Kawasaki disease

Last revised by Rohit Sharma on 8 Jan 2024

Kawasaki disease is a small to medium vessel vasculitis predominantly affecting young children. It can affect any organ but there is a predilection for the coronary vessels.

Japan has the highest incidence in the world, with an annual incidence of 3 per 1000 children under the age of four years 10. Worldwide, it is the most common vasculitis in children 9. It is slightly more common in males with a M:F ratio of 1.4:1 10.

It is more common in siblings; ~3% of siblings will be diagnosed with Kawasaki. This equates to a ten-fold increased risk in a sibling. It is also more likely in children of affected parents, although no genetic link has been identified 10.

In the United States, it is most commonly seen in children of Asian ethnicity, in particular, Japanese, but less commonly in the Black population and least commonly in the White population.

Since April 2020, rare cases of a Kawasaki-like disorder have been reported in critically-ill children who are COVID-19 positive. A true causative association between SARS-CoV-2, the cause of COVID-19, and Kawasaki disease has not been established as yet 14,15.

Classic Kawasaki disease is diagnosed in the presence of fever for at least 5 days and at least 4 of the following:

  • erythema and cracking of lips, strawberry tongue, or erythema of oral and pharyngeal mucosa

  • bilateral bulbar conjunctival injection without exudate

  • rash: maculopapular, diffuse erythroderma, or erythema multiforme–like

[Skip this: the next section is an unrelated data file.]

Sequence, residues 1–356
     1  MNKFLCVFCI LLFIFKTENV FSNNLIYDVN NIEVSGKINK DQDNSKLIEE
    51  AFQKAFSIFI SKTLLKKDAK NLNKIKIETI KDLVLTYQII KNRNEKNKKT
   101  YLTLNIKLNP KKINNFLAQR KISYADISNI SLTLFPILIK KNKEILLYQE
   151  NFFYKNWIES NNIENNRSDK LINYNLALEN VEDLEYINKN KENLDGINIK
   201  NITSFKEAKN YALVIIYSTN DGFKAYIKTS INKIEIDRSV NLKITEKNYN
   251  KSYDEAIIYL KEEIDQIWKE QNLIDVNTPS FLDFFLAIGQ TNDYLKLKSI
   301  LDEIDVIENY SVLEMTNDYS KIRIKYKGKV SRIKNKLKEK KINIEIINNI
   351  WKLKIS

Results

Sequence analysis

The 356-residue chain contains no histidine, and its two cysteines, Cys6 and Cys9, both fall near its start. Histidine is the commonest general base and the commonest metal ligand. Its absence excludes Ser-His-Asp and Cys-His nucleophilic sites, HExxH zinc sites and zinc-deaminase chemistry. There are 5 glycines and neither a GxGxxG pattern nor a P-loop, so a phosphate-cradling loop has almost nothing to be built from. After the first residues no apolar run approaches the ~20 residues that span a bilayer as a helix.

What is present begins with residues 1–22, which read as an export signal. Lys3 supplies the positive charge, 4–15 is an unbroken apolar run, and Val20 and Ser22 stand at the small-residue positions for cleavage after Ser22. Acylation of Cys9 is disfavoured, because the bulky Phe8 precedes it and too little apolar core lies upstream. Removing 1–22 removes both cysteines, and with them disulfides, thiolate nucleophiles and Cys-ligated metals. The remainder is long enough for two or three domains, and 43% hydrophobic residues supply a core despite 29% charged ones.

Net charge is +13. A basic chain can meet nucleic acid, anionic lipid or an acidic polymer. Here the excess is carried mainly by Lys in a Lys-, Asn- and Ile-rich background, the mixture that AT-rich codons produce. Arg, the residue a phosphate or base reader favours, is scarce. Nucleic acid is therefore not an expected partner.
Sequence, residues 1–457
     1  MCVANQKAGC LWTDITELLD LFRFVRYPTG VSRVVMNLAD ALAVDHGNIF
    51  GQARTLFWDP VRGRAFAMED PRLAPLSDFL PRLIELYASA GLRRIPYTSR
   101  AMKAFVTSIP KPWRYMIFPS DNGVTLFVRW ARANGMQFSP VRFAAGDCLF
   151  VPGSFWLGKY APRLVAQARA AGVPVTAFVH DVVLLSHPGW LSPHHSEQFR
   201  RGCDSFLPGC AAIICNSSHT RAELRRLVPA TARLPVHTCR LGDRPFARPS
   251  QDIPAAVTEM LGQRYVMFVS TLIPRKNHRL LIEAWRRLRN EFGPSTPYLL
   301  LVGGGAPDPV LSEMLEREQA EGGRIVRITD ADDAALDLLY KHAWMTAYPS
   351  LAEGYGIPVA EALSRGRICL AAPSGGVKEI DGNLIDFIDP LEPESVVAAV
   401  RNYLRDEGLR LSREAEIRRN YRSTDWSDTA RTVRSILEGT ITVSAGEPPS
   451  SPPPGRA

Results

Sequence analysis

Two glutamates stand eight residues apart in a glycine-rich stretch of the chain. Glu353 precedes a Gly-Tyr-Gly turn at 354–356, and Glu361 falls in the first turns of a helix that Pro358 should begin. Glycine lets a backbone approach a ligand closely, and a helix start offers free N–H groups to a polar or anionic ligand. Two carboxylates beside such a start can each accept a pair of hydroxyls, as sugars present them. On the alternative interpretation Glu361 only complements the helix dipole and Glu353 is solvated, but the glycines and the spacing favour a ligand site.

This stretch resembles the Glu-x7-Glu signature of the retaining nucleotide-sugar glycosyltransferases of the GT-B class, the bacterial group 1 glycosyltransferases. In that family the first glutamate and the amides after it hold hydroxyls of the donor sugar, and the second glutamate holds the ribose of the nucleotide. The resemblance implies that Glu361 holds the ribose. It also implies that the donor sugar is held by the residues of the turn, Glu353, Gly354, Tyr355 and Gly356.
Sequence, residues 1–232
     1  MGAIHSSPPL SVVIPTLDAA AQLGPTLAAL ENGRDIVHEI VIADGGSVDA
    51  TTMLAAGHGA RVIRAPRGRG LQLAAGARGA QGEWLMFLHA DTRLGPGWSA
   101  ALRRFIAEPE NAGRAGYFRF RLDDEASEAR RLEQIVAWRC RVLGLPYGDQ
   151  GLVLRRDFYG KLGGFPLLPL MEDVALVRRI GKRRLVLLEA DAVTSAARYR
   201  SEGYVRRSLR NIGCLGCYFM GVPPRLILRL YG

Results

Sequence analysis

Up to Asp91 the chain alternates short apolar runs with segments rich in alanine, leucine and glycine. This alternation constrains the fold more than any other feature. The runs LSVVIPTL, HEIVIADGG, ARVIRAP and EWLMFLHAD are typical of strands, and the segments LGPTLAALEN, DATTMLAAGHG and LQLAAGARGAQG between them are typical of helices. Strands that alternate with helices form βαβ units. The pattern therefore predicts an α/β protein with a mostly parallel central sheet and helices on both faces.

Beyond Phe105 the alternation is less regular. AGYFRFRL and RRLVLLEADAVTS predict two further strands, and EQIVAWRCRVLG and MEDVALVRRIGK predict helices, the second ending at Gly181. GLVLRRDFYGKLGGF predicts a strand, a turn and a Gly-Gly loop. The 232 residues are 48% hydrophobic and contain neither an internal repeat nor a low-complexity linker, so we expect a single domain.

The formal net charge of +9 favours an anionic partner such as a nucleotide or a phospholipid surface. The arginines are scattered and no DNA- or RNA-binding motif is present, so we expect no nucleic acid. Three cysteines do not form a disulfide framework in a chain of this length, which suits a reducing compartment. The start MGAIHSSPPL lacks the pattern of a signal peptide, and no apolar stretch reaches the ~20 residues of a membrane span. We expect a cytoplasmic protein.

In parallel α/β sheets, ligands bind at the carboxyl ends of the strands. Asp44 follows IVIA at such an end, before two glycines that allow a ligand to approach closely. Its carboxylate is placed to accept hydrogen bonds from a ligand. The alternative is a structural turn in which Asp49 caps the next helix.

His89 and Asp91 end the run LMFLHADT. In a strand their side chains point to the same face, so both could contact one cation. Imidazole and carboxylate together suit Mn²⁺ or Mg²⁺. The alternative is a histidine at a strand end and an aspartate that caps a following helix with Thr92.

• erythema and edema of the hands and feet in the acute phase

  • cervical lymphadenopathy (≥1.5 cm in diameter), usually unilateral

Persistent fever is the commonest way with which most children present. The specific signs and symptoms vary with the stage of the disease:

  • clinical symptoms and signs recede

  • persistence of any cardiac complications into adulthood

An autoimmune etiology has been postulated. It is generally self-limiting but acute fatalities are thought to occur in ~1% of cases. The most concerning morbidity is due to coronary involvement where it can manifest as myocarditis with coronary arterial aneurysm formation 1,2,4.

Chest radiographs can be normal. Abnormal findings are non-specific and include a reticulogranular pattern, peribronchial cuffing, pleural effusion, atelectasis and/or air trapping 1.

Rarely, a few years after resolution of the initial episode, the patient may present with calcified coronary artery aneurysms visible on the chest x-ray 8. Although rare, this is an Aunt Minnie presentation of Kawasaki disease sequelae in older patients.

May show small coronary arterial ectasias, aneurysms or stenoses. Angiography is the most sensitive and specific for vascular assessment 4.

Coronary artery aneurysms can be classified as 11:

  • small: <5 mm

  • medium: 5-8 mm

  • large: >8 mm

Coronary stenosis is more common in the left coronary artery while intracoronary thrombus is more frequently observed in the right coronary artery 11.

MRI is also useful in assessing myocardial perfusion, wall thinning, and aneurysms.

Transthoracic echocardiography is especially useful in the approach to patients who fall short of full clinical criteria (incomplete Kawasaki disease), as the presence of the following is diagnostic 12:

Initial treatment consists of intravenous immunoglobulin and aspirin 17. In refractory cases, corticosteroids, infliximab, and other immunosuppression may be employed 17.

It is named after the Japanese pediatrician Tomisaku Kawasaki (1925-2020) 9,16 who saw his first case in 1961 and initially described it in a case series of 50 children in 1967 7,9.

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